Online Program

Consolidating Local Health Departments in Ohio: Impacts on Externally Generated Revenues

Tuesday, November 3, 2015 : 9:18 a.m. - 9:30 a.m.

John Hoornbeek, PhD, MPA, Center for Public Policy and Health, Department of Health Policy and Management, Kent State University, Kent, OH
Michael Morris, PhD, MPH, Health Policy and Management/Fay Boozman College of Public Health, University of Arkansas for Medical Sciences, Little Rock, AR
Matthew Stefanak, MPH, Health Commissioner (Retired), Mahoning County District Board of Health, Pulaski, PA
Josh Filla, MPA, Center for Public Policy and Health, College of Public Health, Kent State University, Kent, OH
In recent years, practitioners and scholars have been discussing ways to improve our nation’s public health infrastructure (Institute of Medicine, 2011). The majority of Local Health Departments (LHDs) serve fewer than 50,000 persons (NACCHO, 2014) and it has been argued that the minimum efficient scale for local health departments involves service to about 100,000 persons (Santerre, 2009). Recent studies have also suggested that consolidating LHDs may yield expenditure reductions and cost savings (Morris et al, 2013; Hoornbeek et al., 2012), as well as potential service improvements (Mays et al, 2006).       

However, relatively little attention has been paid to the impacts of consolidation on the ability of LHDs to attract external revenue to support their operations.  Some may argue that consolidation is likely to have positive impacts on external revenues due to likely expansions of LHD capacities and geographic areas covered, while others may argue that there is little reason to believe that consolidation will have these kinds of effects.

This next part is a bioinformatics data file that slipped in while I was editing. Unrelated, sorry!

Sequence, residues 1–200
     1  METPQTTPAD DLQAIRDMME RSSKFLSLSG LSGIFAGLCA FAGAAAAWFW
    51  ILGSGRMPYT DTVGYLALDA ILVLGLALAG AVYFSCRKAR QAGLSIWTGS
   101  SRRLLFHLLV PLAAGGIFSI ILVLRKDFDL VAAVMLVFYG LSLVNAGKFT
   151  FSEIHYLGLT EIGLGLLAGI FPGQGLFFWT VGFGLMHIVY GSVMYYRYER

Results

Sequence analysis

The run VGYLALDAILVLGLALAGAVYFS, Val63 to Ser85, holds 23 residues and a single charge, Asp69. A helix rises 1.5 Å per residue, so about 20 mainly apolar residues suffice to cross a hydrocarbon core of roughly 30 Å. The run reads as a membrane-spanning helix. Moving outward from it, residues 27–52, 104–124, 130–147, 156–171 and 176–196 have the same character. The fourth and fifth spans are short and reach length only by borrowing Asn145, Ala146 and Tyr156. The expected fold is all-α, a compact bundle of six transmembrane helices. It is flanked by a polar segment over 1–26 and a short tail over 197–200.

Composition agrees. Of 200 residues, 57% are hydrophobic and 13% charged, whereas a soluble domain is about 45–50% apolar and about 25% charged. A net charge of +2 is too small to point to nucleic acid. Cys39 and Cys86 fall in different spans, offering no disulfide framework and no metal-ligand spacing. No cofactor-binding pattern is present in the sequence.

This presentation will share the results of a mixed method study to assess the impact of LHD consolidation on external revenues.  We use data submitted to the State of Ohio between 2001 and 2011, as well as interviews with local health officials to evaluate the impacts of consolidation on non-local revenues.  We find that consolidating LHDs may experience reductions in non-local revenues in the short term and that this effect may disappear after about two years.  We also discuss the implications of our findings for efforts to consolidate LHDs in the future.

Learning Areas:

Administration, management, leadership
Public health administration or related administration
Public health or related public policy
Public health or related research

Learning Objectives:
Describe the likely financial advantages and disadvantages of consolidating Local Health Departments (LHDs). Explain how LHD consolidations in Ohio have affected externally generated revenues. Discuss the implications of potential short term external revenue loss for consolidating LHDs.

Keyword(s): Local Public Health Agencies, Practice-Based Research

Presenting author's disclosure statement:

Qualified on the content I am responsible for because: I have served as principal or co-principal investigator on multiple federal and externally funded grants on issues relating to administration and public health. In recent years, my research has focused on issues associated with collaboration and consolidation of public entities, and -- as a part of these efforts -- I have focused particular attention on local health departments. I also served as Academic PI on the grant yielding the research presentation being proposed here.
Any relevant financial relationships? No

I agree to comply with the American Public Health Association Conflict of Interest and Commercial Support Guidelines, and to disclose to the participants any off-label or experimental uses of a commercial product or service discussed in my presentation.